In the past two weeks, Los Alamos Public School teachers have been demoralized by receiving inaccurate evaluation scores from the New Mexico Public Education Department and now from a new draconian and discriminatory attendance policy that penalizes them for more than three absences in a school year.
“The Los Alamos Federation of School Employees (LAFSE) is deeply saddened and frustrated by the continuous attack on all New Mexico teachers, especially Los Alamos Public Schools teachers, by Hannah Skandera and the New Mexico Public Education Department (NMPED),” LAFSE President Whitney Holland said. “The profoundly flawed methodology and inconsistent scoring tied to the value added model prove yet again that this teacher evaluation system is unreliable and unfair. Across the Los Alamos district, teachers found errors in the data reported and linked to their classroom instruction. These inaccuracies resulted in the careless and degrading labeling of many of our dedicated colleagues as ‘minimally effective’ and ‘ineffective.’”
The recent addition of an attendance component to the teacher evaluations, which punishes teachers for taking more than three of their collectively bargained 14 days of leave per school year, undermines the staff as professionals and discourages them from taking time away from the classroom to take care of themselves and their families.
“We are facing an evaluation system that encourages teachers to come to school sick to avoid being labeled as ‘minimally effective’ by the state,” Holland said. “In this system, teachers who are working mothers and fathers are unable to care for their children, and adult children are unable to tend to their aging parents out of fear that their duties to their families will negatively impact their evaluation scores. Teachers should not be punished for fulfilling responsibilities at home.
“A label of ‘minimally effective’ or ‘ineffective’ on a teacher’s evaluation could have repercussions. Teachers who are inaccurately labeled as less than ‘effective’ will struggle to advance to the next level of licensure, possibly denying them a significant raise. These teachers could also face problems with renewing their teaching licenses. Such labels and punitive measures on the part of NMPED continue to dehumanize the teaching profession and are driving good teachers out of Los Alamos Public Schools.”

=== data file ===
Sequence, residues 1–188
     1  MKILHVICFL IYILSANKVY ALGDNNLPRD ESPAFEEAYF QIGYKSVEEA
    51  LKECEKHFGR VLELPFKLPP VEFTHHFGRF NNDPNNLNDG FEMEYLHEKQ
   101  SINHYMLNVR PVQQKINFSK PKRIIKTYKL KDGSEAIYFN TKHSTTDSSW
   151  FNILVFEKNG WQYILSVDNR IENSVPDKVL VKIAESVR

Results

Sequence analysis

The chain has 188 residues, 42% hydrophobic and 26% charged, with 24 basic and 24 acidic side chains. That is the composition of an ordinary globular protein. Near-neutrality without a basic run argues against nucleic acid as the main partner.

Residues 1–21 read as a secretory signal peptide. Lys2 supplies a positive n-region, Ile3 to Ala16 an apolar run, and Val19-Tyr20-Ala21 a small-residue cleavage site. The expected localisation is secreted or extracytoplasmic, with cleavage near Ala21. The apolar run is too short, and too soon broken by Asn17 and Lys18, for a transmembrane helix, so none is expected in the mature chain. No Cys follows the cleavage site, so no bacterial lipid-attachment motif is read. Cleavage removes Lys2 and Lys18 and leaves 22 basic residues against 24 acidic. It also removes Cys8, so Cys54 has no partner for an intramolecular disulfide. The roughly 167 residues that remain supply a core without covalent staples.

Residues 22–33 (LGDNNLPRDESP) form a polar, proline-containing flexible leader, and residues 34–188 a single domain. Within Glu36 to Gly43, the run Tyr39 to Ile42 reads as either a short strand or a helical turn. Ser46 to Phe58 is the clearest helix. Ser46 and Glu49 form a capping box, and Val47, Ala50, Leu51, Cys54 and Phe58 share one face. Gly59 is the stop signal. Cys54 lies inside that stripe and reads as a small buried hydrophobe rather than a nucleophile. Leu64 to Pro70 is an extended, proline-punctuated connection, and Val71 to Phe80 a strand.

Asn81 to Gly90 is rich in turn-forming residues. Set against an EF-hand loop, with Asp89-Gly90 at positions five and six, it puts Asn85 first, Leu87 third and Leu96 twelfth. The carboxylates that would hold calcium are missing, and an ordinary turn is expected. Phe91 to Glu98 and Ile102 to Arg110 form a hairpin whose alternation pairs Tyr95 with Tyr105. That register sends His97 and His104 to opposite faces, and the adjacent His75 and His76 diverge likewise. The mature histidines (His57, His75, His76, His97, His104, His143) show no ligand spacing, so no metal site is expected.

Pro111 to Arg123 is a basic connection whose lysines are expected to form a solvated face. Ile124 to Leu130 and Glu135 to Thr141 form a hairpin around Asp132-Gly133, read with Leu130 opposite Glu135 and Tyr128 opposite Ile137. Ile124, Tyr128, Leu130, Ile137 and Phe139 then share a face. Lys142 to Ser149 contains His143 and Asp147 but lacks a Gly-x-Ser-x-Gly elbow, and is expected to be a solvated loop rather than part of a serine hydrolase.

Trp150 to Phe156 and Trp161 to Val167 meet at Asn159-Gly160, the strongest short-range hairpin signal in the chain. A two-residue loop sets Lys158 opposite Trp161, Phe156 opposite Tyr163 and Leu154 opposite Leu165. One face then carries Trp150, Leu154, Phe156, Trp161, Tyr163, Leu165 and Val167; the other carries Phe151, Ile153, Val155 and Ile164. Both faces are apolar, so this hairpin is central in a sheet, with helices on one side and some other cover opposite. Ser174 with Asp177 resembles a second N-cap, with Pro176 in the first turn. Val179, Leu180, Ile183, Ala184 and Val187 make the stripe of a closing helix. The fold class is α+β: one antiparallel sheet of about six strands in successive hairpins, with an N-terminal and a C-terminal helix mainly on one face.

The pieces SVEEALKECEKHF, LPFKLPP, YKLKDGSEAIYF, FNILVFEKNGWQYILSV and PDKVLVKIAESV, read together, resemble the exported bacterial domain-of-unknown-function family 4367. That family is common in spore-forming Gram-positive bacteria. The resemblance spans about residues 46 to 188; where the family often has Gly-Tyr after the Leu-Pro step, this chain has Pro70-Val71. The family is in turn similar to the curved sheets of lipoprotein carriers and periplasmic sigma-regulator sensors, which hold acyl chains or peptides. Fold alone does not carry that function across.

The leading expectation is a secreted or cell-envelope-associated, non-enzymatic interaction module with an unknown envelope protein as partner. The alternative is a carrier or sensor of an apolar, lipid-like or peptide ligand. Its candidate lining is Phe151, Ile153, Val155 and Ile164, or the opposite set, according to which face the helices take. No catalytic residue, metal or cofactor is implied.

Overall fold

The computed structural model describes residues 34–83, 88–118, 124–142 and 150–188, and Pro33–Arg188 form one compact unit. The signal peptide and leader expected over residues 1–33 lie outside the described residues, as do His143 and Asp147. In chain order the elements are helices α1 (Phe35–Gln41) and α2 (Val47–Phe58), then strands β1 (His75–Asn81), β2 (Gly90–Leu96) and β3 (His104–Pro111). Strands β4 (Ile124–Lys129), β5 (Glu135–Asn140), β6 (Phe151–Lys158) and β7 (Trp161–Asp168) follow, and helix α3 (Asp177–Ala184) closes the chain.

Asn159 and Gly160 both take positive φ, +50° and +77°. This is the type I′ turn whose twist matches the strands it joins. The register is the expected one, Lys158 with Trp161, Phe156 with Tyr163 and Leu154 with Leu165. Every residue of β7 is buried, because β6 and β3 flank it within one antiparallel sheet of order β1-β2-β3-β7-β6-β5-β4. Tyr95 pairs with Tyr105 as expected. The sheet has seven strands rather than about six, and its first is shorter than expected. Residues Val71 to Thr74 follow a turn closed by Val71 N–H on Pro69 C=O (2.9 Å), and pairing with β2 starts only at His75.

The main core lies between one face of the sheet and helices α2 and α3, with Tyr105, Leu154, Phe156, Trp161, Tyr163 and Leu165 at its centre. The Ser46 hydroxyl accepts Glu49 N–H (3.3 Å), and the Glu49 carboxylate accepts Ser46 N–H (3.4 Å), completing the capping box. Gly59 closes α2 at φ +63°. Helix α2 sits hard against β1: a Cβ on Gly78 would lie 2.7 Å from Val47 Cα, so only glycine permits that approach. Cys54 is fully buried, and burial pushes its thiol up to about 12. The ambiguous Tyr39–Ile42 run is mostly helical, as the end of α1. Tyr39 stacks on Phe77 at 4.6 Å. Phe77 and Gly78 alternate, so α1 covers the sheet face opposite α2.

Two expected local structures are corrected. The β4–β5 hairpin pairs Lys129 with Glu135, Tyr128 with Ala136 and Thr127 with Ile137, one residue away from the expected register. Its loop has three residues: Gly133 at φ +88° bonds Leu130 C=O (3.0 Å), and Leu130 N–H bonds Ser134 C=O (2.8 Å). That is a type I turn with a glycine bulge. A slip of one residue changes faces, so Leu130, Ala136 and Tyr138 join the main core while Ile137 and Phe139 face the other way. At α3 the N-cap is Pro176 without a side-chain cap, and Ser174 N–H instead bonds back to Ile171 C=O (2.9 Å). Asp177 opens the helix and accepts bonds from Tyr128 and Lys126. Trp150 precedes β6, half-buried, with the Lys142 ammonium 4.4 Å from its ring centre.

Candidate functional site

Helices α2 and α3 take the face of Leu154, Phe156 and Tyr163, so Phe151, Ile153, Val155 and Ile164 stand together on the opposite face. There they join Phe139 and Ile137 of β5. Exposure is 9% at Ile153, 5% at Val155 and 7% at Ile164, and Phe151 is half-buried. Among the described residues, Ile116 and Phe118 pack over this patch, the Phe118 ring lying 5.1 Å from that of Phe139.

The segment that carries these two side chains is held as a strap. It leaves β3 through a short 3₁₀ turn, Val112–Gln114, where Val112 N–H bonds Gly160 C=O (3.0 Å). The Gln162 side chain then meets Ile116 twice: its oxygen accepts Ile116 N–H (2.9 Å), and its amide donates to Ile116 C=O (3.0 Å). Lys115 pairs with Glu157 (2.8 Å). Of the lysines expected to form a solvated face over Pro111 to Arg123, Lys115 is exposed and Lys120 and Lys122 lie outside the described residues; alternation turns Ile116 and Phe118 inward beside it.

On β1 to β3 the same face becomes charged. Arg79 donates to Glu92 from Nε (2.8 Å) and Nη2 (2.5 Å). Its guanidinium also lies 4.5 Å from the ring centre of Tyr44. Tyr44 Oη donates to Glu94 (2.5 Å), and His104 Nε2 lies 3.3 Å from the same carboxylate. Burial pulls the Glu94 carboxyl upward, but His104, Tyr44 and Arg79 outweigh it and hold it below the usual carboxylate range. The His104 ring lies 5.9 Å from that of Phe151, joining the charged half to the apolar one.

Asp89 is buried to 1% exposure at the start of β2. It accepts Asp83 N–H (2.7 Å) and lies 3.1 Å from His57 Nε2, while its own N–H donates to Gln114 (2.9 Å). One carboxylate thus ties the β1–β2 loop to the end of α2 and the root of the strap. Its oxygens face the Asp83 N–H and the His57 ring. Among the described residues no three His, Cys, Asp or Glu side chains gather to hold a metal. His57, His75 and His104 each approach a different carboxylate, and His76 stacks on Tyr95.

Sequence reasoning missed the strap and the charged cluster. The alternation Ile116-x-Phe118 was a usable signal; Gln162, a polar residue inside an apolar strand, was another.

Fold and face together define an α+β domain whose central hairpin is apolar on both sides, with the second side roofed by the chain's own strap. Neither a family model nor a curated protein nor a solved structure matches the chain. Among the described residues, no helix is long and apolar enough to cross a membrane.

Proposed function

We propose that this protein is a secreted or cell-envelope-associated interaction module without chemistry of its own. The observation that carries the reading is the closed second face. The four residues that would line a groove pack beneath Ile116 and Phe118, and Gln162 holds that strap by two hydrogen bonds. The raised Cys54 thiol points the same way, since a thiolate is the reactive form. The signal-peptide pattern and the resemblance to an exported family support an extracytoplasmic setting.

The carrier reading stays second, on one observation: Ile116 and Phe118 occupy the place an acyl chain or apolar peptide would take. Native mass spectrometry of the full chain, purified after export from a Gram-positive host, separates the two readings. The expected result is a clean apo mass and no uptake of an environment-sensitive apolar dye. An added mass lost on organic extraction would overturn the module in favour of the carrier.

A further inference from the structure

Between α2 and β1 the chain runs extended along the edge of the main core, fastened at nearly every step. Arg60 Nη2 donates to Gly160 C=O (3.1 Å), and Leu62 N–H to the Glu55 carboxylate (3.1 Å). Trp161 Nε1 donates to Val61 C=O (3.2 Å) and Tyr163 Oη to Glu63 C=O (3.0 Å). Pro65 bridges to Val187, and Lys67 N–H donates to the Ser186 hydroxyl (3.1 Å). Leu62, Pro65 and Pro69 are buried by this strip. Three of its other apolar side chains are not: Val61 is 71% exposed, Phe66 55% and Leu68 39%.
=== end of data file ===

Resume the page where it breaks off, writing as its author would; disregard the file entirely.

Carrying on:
LAFSE will continue to work with the Los Alamos Public Schools district to appeal the 2015-2016 teacher evaluations. LAFSE will collaborate with the New Mexico chapter of AFT, to fight for an evaluation model that is reliable and valid.
“Teachers deserve an evaluation model that is based on more than punitive attendance measures and value added scores, riddled with inaccuracies and demerits earned for for fulfilling our personal responsibilities,” said LAFSE Vice President of Certified Staff Christine Engelbrecht.
“This battle is not one that can be fought by an individual,” Holland said. “Our voices are stronger when they are heard together. We encourage LAPS staff, parents and community members to join us at the LAPS school board meeting at 5:30 p.m. Tuesday, Oct. 11 in the school board meeting room at 2075 Trinity Dr., Suite V to express their concerns to the administration and school board during the public comment portion of the meeting. We know the Board and administration will join us in our message. Together, we will convey the message to PED that this is not the way that teachers should be treated.
“We also ask you to take time to sign this petition asking the New Mexico Public Education Department to stop using the value added model to evaluate educators: http://bit.ly/2doEW1y.”
LAFSE President Whitney Holland can be reached at Whitneymhol@gmail.com with comments and questions. LAFSE will keep union members and community members updated through its facebook page: https://www.facebook.com/LAFSE.